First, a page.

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(Table 1) Petrographical classification and mineral assemblage of representative Cenozoic samples of basement clasts of sediment core CRP-3

Publication Date
DOI: 10.1594/pangaea.191085
  • Cape Roberts Project
  • Clast Length A
  • Clast Shape
  • Core Wireline System
  • Counting
  • Crp
  • Crp-3
  • Lithologic Unit/Sequence
  • Lithology/Composition/Facies
  • Mineral Abbreviations According To Kretz (1983)
  • Mineral Assemblage
  • Petrography Description
  • Ross Sea
  • Sample Code/Label
  • Sampling/Drilling From Ice
  • Visual Description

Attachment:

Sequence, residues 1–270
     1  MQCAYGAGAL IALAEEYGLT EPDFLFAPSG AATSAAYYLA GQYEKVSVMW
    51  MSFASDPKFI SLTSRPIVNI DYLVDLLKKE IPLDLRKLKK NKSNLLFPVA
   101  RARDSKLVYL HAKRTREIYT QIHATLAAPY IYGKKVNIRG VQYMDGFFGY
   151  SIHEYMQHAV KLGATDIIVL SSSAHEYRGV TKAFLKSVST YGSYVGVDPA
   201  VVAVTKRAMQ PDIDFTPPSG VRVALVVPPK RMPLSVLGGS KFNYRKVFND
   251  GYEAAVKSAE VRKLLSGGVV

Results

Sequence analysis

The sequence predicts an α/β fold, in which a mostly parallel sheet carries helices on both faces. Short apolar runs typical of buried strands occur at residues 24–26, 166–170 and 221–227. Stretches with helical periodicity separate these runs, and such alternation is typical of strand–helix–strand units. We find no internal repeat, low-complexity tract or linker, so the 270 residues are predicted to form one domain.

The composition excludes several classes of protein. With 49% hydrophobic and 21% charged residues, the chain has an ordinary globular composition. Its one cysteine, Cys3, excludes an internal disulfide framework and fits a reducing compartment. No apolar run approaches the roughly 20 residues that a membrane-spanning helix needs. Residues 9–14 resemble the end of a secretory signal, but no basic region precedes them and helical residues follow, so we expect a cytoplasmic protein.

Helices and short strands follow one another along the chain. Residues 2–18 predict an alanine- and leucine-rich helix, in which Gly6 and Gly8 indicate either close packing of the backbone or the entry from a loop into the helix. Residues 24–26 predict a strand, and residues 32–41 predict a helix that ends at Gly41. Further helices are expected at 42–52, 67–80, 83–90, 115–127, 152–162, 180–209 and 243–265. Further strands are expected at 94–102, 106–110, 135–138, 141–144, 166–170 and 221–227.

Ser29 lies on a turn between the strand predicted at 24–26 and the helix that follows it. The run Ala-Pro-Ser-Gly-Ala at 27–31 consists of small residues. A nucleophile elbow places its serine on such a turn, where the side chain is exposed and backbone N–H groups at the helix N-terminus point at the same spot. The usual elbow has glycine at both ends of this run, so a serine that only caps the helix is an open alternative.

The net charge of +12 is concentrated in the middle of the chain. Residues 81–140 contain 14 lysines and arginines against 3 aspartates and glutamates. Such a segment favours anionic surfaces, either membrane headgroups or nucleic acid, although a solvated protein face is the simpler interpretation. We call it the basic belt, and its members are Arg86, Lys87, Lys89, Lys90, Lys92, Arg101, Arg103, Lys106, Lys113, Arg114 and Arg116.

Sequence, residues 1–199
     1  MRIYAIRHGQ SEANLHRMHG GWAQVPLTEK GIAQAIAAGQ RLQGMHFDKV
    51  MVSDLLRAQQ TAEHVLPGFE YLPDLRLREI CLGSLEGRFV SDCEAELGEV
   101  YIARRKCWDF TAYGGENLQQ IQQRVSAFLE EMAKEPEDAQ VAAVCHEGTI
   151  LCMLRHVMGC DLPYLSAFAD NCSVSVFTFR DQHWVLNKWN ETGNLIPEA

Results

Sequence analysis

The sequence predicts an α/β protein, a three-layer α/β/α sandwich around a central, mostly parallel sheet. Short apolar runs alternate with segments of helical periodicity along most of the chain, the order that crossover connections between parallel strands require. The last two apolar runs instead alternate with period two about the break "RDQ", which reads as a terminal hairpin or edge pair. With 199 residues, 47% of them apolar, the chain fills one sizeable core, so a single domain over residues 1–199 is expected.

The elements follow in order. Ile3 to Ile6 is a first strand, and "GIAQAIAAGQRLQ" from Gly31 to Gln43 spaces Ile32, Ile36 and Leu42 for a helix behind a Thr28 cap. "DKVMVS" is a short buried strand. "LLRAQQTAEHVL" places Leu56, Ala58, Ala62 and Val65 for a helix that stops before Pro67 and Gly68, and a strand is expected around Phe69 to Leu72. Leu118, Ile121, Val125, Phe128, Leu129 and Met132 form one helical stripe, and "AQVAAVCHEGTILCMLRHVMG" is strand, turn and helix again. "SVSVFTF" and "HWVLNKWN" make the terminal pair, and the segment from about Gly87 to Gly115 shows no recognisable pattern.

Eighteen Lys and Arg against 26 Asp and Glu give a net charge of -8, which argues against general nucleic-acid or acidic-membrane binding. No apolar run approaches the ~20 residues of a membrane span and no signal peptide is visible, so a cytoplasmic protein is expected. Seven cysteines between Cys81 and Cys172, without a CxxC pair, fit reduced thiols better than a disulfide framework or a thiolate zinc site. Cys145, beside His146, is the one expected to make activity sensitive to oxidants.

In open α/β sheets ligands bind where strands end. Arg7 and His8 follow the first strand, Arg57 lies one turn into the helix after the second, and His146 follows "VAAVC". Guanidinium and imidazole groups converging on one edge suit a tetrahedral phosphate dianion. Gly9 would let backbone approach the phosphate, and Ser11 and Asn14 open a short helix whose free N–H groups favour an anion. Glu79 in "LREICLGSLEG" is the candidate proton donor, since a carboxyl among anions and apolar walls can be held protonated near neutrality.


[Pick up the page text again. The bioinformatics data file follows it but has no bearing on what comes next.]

American Mineralogist, Volume 68, pages 277-279, 1983 Symbols for rock-forming mineralsl RupH KRBrz Department of Geology University of Ottawa Ottawa. Canada KIN 984 There is at present a disturbing lack of uniformity in the choice of symbols for rock-forming minerals. For example, in Volume 65 (1980) of The American Mineralogisl, all of BT, BIO, and Biot are used for biotite, and all of Q, QTZ, Qtz, Qz and qtz are used for quartz. At least 10 other minerals are referred to by two or more symbols, and in one instance, two different symbols are used for a mineral in a single paper. In Table I is a list of mineral names, taken mainly from Deer et al. (1962), and for each name a proposed symbol. In preparing the list of symbols, consideration was given to mineral names in the different languages used in scientific writing. With few exceptions, the names for a mineral in the languages English (E), French (F), German (G), Russian (R), and Spanish (S) have similar phonet- ics, for example: E biotite F biotite G biotit R 'uorrrr S biotita and a suitable choice for a symbol is Bt. Interna- tional uniformity would depend on the willingness of Russian scientists to adopt Latin letters for mineral symbols, as Perchuk (1973) has already done. Another example is: E garnet F grenat G granat R rpanar S granate and the symbol Grt would seem preferable to Gar. IEditor's note: the abbreviation system described in this note is recommended, not required, for use in The American Mineral- ogist. Comments will be appreciated. 0003-.fix)vE3/0r02-0277$02.ffi 277 An example of a mineral that has very diferent names in different languages is: E kyanite F disthdne G cyanit R K,I4aH'ITr S cianita Here, because Russian and English writing out- weighs that of other languages, agreement might be found in the symbol Ky. Most of the symbols that were selected have been used previously by numerous authors, e.g., Bowen (1928), Ramberg (1952), Perchuk (1973), Winkler (1973), Mueller and Saxena (1977), B

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